Community is Prevention

Feb 27, 2023

“How are the children?”

A question we ask ourselves and a guiding principle of projects and priorities in our work.


We are the Granite State Children’s Alliance, the chapter organization for New Hampshire’s Network of Child Advocacy Centers (CACs). A CAC is a lot of things. It started as a very special place to conduct forensic interviews for young victims of crime, an interview based on science and research that seeks to find the truth when a child is believed to have experienced trauma. Ten years ago, CACs in NH conducted that interview and assisted in coordinating a multidisciplinary team response. Once the interview was over and the caregivers and families had information about the next steps, CACs moved on to the next intake. The next child. The next interview. We did the best we could with the resources available at the time.

Fast forward to the present, and with significant investment from key stakeholders and an eye toward prevention, CACs have grown to be more than a special interview space. We have been able to increase and diversify our staffing to meet the needs of the communities we serve, to include family support specialists and mental health clinicians. These positions are essential in providing a more holistic approach to intervention and prioritizes healing.

Our Chief Executive Officer, Joy Barrett likes to say, “kids grow up and we want to help create healthy adults.” In short, we would like to one day put ourselves out of business.

Male figure hugging young girl smilingAll childhood experiences matter – not just the negative ones.

When children do experience trauma, responding with love, support, and attention can help ease their pain. Granite State Children’s Alliance seeks to take a stressful and scary situation and make it a healing one.

In conjunction with our direct service program at CACs, we have created a professional development program to educate NH communities about mandated reporting of child abuse. Our KNOW & TELL® program was born at a kitchen table in 2015, and eight years later has trained over 14,000 people to KNOW the signs of child abuse and TELL responsible authorities when a child needs help. And it is expanding to meet continued and increasing demand.

KNOW & TELL® logoIn addition to the universal KNOW & TELL® training program, we now have a KNOW & TELL® program tailored specifically for health care providers, bringing full circle the intent of the original mandated reporter laws. Before there were child protection laws, physicians and advocates worked together in the 1960s to use animal abuse legislation as a model to protect children from abuse. Doctors fully understood their unique and critical position as a witness and protector of children. An advisory group to create a KNOW & TELL® for First Responders, another unique and critical position for the community and for children at risk, is in development now. Our KNOW & TELL® Peer-to-Peer program is partnering with schools, working directly with older teens and college-aged students to empower them to educate and inform their peer groups about child abuse – prevention at its finest.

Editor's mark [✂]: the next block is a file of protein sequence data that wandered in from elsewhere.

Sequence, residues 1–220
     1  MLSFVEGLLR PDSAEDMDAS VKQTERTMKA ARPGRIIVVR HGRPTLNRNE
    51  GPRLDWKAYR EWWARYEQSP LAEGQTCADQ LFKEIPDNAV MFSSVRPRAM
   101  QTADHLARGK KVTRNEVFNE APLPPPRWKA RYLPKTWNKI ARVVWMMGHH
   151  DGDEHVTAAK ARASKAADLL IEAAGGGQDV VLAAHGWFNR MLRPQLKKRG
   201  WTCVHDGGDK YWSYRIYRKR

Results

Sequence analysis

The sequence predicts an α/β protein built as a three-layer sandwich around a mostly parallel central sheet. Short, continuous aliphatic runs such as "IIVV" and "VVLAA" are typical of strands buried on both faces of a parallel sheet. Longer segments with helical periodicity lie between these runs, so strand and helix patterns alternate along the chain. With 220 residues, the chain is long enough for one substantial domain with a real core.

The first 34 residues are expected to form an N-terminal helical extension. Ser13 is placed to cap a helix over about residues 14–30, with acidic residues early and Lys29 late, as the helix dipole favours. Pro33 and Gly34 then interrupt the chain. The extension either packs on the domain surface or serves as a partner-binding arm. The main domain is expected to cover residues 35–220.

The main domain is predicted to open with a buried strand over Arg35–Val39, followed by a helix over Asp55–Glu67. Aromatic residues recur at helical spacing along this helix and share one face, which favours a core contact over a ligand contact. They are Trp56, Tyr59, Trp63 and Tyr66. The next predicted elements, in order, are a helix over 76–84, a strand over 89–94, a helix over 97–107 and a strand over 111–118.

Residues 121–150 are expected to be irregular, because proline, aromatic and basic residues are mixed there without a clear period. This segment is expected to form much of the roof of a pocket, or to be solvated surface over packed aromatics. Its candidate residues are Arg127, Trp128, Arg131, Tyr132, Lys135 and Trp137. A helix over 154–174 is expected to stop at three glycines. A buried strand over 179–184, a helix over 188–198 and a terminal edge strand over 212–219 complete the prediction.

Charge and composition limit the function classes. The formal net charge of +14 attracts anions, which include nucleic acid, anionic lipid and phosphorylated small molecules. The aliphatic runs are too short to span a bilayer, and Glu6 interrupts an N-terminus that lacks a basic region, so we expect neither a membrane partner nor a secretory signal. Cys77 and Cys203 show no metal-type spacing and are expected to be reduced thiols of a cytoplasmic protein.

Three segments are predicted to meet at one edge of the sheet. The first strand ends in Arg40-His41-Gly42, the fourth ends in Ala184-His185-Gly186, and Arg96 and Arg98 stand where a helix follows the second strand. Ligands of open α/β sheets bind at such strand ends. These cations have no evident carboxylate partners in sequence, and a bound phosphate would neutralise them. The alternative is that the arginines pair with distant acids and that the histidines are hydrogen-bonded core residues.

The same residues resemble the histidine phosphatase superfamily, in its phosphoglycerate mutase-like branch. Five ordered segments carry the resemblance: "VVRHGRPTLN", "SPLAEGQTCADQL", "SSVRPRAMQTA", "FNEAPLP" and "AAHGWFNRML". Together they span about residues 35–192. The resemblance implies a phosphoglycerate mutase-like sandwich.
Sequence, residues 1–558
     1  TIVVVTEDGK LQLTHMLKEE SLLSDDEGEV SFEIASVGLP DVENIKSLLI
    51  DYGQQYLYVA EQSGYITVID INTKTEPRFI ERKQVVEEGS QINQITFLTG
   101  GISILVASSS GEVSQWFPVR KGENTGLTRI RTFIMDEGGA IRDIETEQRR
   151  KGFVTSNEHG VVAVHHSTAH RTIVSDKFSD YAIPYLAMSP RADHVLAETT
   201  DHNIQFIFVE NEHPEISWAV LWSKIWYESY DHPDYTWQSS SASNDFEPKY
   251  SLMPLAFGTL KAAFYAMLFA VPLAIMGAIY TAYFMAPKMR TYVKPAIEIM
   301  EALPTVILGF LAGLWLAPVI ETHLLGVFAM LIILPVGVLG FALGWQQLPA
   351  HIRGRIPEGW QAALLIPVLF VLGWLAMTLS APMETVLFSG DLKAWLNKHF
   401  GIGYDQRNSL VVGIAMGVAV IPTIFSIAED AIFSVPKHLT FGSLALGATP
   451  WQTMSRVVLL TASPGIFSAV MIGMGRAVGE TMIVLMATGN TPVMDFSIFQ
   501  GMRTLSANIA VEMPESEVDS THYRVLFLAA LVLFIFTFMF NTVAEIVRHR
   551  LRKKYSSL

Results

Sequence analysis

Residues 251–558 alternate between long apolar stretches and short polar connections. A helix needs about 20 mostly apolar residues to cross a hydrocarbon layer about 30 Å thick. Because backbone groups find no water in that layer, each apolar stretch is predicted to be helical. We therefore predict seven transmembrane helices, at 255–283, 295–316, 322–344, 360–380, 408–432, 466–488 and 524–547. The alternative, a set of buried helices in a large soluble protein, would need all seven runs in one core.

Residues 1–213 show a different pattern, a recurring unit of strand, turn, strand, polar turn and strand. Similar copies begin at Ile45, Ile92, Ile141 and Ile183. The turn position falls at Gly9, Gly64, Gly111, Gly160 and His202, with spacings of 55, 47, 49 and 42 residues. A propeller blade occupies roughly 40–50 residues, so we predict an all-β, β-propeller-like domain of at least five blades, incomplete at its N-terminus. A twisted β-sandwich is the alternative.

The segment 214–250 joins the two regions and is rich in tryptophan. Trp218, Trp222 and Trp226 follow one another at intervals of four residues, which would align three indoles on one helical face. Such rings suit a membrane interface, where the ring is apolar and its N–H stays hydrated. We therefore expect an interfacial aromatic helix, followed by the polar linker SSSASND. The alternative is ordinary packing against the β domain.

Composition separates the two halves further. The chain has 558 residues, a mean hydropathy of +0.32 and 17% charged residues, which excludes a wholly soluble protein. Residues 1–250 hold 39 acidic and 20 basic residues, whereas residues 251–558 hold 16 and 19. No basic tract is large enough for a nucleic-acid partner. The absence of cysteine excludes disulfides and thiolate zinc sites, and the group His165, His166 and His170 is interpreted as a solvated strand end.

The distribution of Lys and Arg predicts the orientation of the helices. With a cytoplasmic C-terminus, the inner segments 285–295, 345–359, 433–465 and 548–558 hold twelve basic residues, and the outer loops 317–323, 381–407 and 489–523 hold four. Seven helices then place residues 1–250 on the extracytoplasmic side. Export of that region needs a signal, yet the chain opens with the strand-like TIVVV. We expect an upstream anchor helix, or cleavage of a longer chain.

We know that caring adults in communities around the state are the intervention a child needs to begin the healing process. That is why we have invested in supports at the CACs and in expanding our KNOW & TELL® program. With staffing now focused on supporting children and their families beyond the initial forensic interview, providing resources and specialized care, we can ensure a path toward healing and thriving. We all have a role to play in preventing child abuse.

Our goal when we fast forward five more years to 2028 is that we have a fully staffed behavioral health program with fully licensed clinicians across NH CACs, as well as robust KNOW & TELL® programs to continually educate adults in a variety of disciplines about the importance of intervening when a child needs help. We aren’t sure when we go “out of business,” but we know if we all work together, one day it will be possible.


Megan Oliviero

Megan OlivieroMegan Oliviero is the Director of Education and Outreach at Granite State Children’s Alliance. Megan has been a child advocate and committed to Child Advocacy Centers for 22 years. The majority of her career was spent in sexual assault crisis centers as a child abuse specialist; providing support services to children and families after a disclosure of sexual abuse as well as providing primary prevention programs in schools. She served on the Board of Directors for the Granite State Children’s Alliance before becoming the Director of Education & Outreach in the spring of 2015. Her primary responsibilities include outreach and education efforts for the Chapter and more specifically professional development opportunities for the CAC workforce in NH.

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